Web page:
Back in the dark ages – the early 1970s when disco ruled the airwaves and before punk reminded us that rock and roll should make the establishment nervous not be part of it – I was your typical lost teenager looking for direction. As the present looked so dismal and I was lousy at looking into the future, the only viable alternative seemed to involve looking backwards for guidance. Reading about the previous decade with its protests against the war in Vietnam, the fight for Civil Rights and the music that accompanied it all made the 1960s seem a far more exciting time to be alive then the decade I was living through.
Needless to say the reality was lot different than any romantic notions my teenage self might have had. For while the lofty ideals of people like Martin Luther King Jr. and Robert Kennedy were indeed worthy of being kept alive and venerated, a great deal of what I was first attracted to didn’t bear up well under close scrutiny. Mind expanding drug trips could just as easily be heroin addiction and overdoses, the sexual revolution was just another excuse for men to exploit women and a great deal of the music was as manipulative and corporate as what was being put out in my own era. The more music I listened to the more I began to appreciate how the era’s reputation for being a golden age of popular music was based on the achievements of a few gifted people and what I can only assume was a diminished capacity for critical evaluation caused by drug use.
However, while there were many groups which disappointed, one who lived up to their press clippings and whose reputation wasn’t based on hazy memories was Jefferson Airplane. While psychedelic bands were just about as common as weeds in the Airplane’s home town of San Francisco in the 1960s they stood out from the pack. Not only were they musically versatile, equally capable of burning the house down with acid rock as they were playing traditional blues numbers and ballads, what really caught my attention was the interplay of voices between their three main vocalists; Marty Balin, Grace Slick, and Paul Kantner.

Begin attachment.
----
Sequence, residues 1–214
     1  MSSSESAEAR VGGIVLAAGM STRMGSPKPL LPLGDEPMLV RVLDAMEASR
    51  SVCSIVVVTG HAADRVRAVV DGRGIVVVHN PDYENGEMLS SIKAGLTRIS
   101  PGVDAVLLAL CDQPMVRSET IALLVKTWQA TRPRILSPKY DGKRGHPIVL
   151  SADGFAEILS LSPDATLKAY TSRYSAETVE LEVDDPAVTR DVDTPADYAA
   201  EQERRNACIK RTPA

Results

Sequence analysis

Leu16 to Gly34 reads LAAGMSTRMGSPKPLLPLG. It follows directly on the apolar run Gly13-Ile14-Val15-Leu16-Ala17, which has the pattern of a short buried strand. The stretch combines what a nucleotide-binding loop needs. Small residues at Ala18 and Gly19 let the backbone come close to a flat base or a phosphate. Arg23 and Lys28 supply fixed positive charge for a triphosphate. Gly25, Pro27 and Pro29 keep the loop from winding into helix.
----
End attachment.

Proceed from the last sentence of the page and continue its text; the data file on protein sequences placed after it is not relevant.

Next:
While Slick would swoop in and around her male counterparts like a circling bird of prey, it was when she stepped up to the microphone for her leads the true scope of her talent was revealed. It wasn’t just that she was powerful, anybody can be loud, it was her ability to modulate her voice to suit the requirements of the material that was so impressive. Whether it was her in your face demanding of her audience whether they wanted somebody to love or not on “Somebody To Love” or the harmonies she wove with Balin and Kantner that could take you to a place few other female rock vocalists had even attempted before her, she was far different from any other female vocalist I had ever heard.
Yet Slick hadn’t been there when the Airplane first took flight, not joining the band until the fall of 1966. Around a month after she joined, while they were still recording Surrealistic Pillow, the band introduced Slick to their audience over the course of two concerts at the end of November that year. Live At The Fillmore Auditorium 11/25/66 & 11/27/66: We Have Ignition, being released on November 9/11 by Collectors Choice Music, brings those two concerts to CD for the first time and gives listeners a glimpse of what was to come with Slick as a member of the band. The concerts were a mix of tunes taken from the soon to be released Surrealistic Pillow, covers and songs either from their first album or that would end up on other albums further down the road.